After weeks of twelve to seventeen hour a day power cuts we are worn down to a frazzle. Getting up in the middle of the night, every night, to cook, charge batteries and electronic equipment, catch up on domestic chores, work on computers, meet deadlines and keep any sort of production going, is taking a heavy toll on all of us. People running businesses are forced to put prices up to cover costs of using generators. Others are cutting staff down to one or two days a week and others are just closing their doors altogether. We hear of farmers ploughing in winter wheat crops as they cannot irrigate without electricity and cannot afford the hundreds of litres of fuel needed every day to run generators and remain viable. In my home town and many others, the water situation is dire. As I write the whole town has had no water for over a week. Local authorities apportion blame to different departments and either say there is no money to buy chemicals, no electricity to run pumps or that they are doing refurbishments. Which one is true we mutter as we bend, stoop, fill and carry buckets and boil unsafe water on open fires outside.

 …click on the above link to read the rest of the article…

“It Feels Apocalyptic” – A Letter From Zimbabwe, Where The Country Remains In Total Shutdown

“It Feels Apocalyptic” – A Letter From Zimbabwe, Where The Country Remains In Total Shutdown

Zimbabwe is once again at the brink of economic collapse, making a mockery of President Emmerson Mnangagwa’s claim that the country is open for business.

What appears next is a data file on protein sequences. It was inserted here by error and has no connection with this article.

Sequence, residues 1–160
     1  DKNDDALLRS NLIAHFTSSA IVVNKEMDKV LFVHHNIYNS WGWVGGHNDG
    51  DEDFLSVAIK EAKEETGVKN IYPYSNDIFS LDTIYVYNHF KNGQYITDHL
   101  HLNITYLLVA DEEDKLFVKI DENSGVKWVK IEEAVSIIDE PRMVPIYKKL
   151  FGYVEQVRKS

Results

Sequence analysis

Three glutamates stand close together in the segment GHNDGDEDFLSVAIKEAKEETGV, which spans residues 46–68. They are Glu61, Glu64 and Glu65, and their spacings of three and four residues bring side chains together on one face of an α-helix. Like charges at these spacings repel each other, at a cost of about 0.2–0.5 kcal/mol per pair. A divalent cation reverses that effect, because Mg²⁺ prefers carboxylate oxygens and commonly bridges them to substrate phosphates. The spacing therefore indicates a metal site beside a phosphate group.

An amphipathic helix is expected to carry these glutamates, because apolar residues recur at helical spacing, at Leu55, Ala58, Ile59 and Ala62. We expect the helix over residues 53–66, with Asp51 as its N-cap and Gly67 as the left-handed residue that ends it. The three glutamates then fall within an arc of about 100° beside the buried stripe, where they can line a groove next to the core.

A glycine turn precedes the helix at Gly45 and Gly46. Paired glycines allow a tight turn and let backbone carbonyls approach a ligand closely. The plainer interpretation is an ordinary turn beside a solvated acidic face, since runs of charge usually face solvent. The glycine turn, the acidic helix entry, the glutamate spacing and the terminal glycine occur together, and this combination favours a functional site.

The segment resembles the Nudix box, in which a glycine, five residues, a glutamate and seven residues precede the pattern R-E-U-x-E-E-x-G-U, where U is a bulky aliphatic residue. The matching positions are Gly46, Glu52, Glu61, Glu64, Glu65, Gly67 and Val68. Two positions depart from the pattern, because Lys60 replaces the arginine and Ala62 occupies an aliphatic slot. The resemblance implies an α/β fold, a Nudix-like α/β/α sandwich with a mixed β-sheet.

As Bloomberg reports,  many shops and factories have shut their doors because of a lack of customers and those that continue to trade are open to haggling over prices to secure hard currency. At an appliance shop in the capital, Harare, a salesman whispers that a Whirlpool Corp. washing machine priced at about $5,000 if paid for electronically will sell for $1,500 in cash, while at a nearby electrical warehouse, a $600 invoice is whittled down to $145 for payment in dollar bills.

But, as OilPrice.com’s Tsvetana Paraskova reports, Zimbabwe is on a three-day nationwide strike and protests are erupting in the streets after the government of the southern African country doubled fuel prices, making gasoline sold in Zimbabwe the most expensive gasoline in the world. 

Via Namibia Economist blog,

We are now in our third day of complete shutdown throughout the whole of Zimbabwe.

Banks are closed, schools are closed, roads are closed in and out of the main towns and transport systems have shut down.